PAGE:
ARTICLE | doi:10.20944/preprints202109.0019.v1
Subject: Engineering, Mechanical Engineering Keywords: corrugated cardboard; edge crush test; orthotropic elasticity; digital image correlation, tensile stiffness, compressive stiffness, sandwich panel
Online: 1 September 2021 (14:20:05 CEST)
The standard edge crush test (ECT) allows to determine the crushing strength of the corrugated cardboard. Unfortunately, this test cannot be used to estimate the compressive stiffness, which is an equally important parameter. It is because, any attempt to determine this parameter using current lab equipment quickly ends in a fiasco. The biggest obstacle is obtaining a reliable measurement of displacements and strains in the corrugated cardboard sample. In this paper, we present a method that not only allows to reliably identify the stiffness in the loaded direction of orthotropy in the corrugated board sample, but also the full orthotropic material stiffness matrix. The proposed method uses two samples: (a) traditional, cut crosswise to the wave direction of the corrugated core, and (b) cut at an angle of 45 degrees. Additionally, in both cases, an optical system with digital image correlation (DIC) is used to measure the displacements and strains on the outer surface of samples. The use of a non-contact measuring system allows to avoid using the measurement of displacements from the crosshead, which is burdened with a large error. Apart from the new experimental configuration, the article also proposes a simple algorithm to quickly characterize all sought stiffness parameters. The obtained results are finally compared with the results obtained in the homogenization procedure of the cross-section of the corrugated board. The results were consistent in both cases.
ARTICLE | doi:10.20944/preprints202107.0678.v1
Subject: Engineering, Automotive Engineering Keywords: corrugated board; box strength estimation; packaging flaps; crease line shifting
Online: 30 July 2021 (09:08:44 CEST)
In the modern world, all manufacturers strive for the optimal design of their products. This general trend is recently also observed in the corrugated board packaging industry. Colorful prints on displays, perforations in shelf-ready-packaging and various types of ventilation holes in trays, although extremely important for ergonomic or functional reasons, weaken the strength of the box. To meet the requirements of customers and recipients, packaging manufacturers outdo each other in new ideas for the construction of their products. Often the aesthetic qualities of the product become more important than the attention to maintaining the standards of the load capacity of the packaging (which, apart from their attention-grabbing functions, are also intended to protect transported products). The particular flaps design (both top and bottom) and their influence on the strength of the box is investigated in this study. The updated analytical-numerical approach is used here to predict the strength of the packaging with various flap’s offsets. Experimental results indicated a significant decrease in the static load-bearing capacity of packaging in the case of shifted flap creases. The simulation model proposed in our previous work has been modified and updated to take into account also this effect. The results obtained by the model presented in the paper are in satisfactory agreement with the experimental data.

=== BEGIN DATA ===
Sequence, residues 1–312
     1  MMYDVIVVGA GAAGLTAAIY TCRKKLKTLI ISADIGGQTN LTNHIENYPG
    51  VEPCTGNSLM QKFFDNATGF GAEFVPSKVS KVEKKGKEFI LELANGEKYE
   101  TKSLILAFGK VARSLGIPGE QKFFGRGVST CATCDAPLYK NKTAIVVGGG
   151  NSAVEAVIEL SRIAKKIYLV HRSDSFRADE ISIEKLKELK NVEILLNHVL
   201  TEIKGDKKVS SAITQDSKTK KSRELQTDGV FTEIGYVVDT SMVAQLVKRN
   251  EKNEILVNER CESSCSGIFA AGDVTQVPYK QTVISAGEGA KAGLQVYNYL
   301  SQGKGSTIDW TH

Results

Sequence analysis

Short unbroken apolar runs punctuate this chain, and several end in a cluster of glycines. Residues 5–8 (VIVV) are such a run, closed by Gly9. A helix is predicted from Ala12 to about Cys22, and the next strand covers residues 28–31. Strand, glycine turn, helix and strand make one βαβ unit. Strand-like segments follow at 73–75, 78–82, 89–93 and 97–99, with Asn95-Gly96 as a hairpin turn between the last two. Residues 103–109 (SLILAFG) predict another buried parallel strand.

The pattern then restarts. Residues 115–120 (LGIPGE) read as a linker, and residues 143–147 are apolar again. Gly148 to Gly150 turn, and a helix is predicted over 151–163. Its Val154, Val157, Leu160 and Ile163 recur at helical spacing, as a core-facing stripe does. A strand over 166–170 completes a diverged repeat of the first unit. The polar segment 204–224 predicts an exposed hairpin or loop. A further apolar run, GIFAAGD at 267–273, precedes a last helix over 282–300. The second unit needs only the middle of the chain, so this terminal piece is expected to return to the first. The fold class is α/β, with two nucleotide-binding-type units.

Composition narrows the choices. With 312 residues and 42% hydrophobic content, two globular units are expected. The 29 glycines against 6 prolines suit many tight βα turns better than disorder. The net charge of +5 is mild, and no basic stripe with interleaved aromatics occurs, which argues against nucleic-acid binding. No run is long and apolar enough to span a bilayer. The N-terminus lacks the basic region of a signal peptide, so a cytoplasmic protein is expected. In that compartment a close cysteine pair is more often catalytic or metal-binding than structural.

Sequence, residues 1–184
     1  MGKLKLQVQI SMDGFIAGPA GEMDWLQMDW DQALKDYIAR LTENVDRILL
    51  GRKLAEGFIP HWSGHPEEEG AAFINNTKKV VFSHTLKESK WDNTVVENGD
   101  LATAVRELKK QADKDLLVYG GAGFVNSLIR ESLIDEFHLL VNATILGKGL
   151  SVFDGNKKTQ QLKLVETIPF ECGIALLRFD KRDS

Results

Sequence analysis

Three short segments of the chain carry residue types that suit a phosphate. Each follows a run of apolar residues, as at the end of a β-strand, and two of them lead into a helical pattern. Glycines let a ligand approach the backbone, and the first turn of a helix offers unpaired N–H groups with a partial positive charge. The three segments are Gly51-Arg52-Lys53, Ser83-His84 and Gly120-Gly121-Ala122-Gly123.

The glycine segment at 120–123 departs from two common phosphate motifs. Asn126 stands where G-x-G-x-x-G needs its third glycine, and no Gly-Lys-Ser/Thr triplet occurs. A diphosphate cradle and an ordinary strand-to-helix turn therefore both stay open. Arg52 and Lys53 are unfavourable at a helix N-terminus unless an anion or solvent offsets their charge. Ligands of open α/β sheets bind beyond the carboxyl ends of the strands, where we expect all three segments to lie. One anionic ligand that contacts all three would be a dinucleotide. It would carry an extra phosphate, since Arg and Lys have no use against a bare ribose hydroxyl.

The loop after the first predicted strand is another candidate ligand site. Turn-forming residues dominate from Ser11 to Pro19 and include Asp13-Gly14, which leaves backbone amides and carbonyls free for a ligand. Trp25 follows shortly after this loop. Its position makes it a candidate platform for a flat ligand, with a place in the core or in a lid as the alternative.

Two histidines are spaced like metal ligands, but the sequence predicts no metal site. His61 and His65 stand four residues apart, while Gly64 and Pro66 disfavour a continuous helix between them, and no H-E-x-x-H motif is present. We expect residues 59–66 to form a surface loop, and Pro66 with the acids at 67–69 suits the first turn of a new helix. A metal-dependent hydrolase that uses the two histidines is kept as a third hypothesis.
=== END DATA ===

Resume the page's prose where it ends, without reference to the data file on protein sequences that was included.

ARTICLE | doi:10.20944/preprints202106.0009.v1
Subject: Engineering, Mechanical Engineering Keywords: corrugated cardboard; numerical homogenization; strain energy equivalence; perforation; creasing; flexural stiffness; torsional stiffness
Online: 1 June 2021 (09:40:56 CEST)
The corrugated board packaging industry is increasingly using advanced numerical tools to design and estimate the load capacity of its products. That is why numerical analyzes are becoming a common standard in this branch of manufacturing. Such trend causes either the use of advanced computational models that take into account the full 3D geometry of the flat and wavy layers of corrugated board, or the use of homogenization techniques to simplify the numerical model. The article presents theoretical considerations that extend the numerical homogenization technique already presented in our previous work. The proposed here homogenization procedure also takes into account the creasing and / or perforation of corrugated board, i.e. processes that undoubtedly weaken the stiffness and strength of the corrugated board locally. However, it is not always easy to estimate how exactly these processes affect the bending or torsional stiffness. What is known for sure is that the degradation of stiffness depends, among other things, on the type of cut, its shape, the depth of creasing, as well as their position or direction in relation to the corrugation direction. The method proposed here can be successfully applied to model smeared degradation in a finite element or to define degraded interface stiffnesses on a crease line or a perforation line.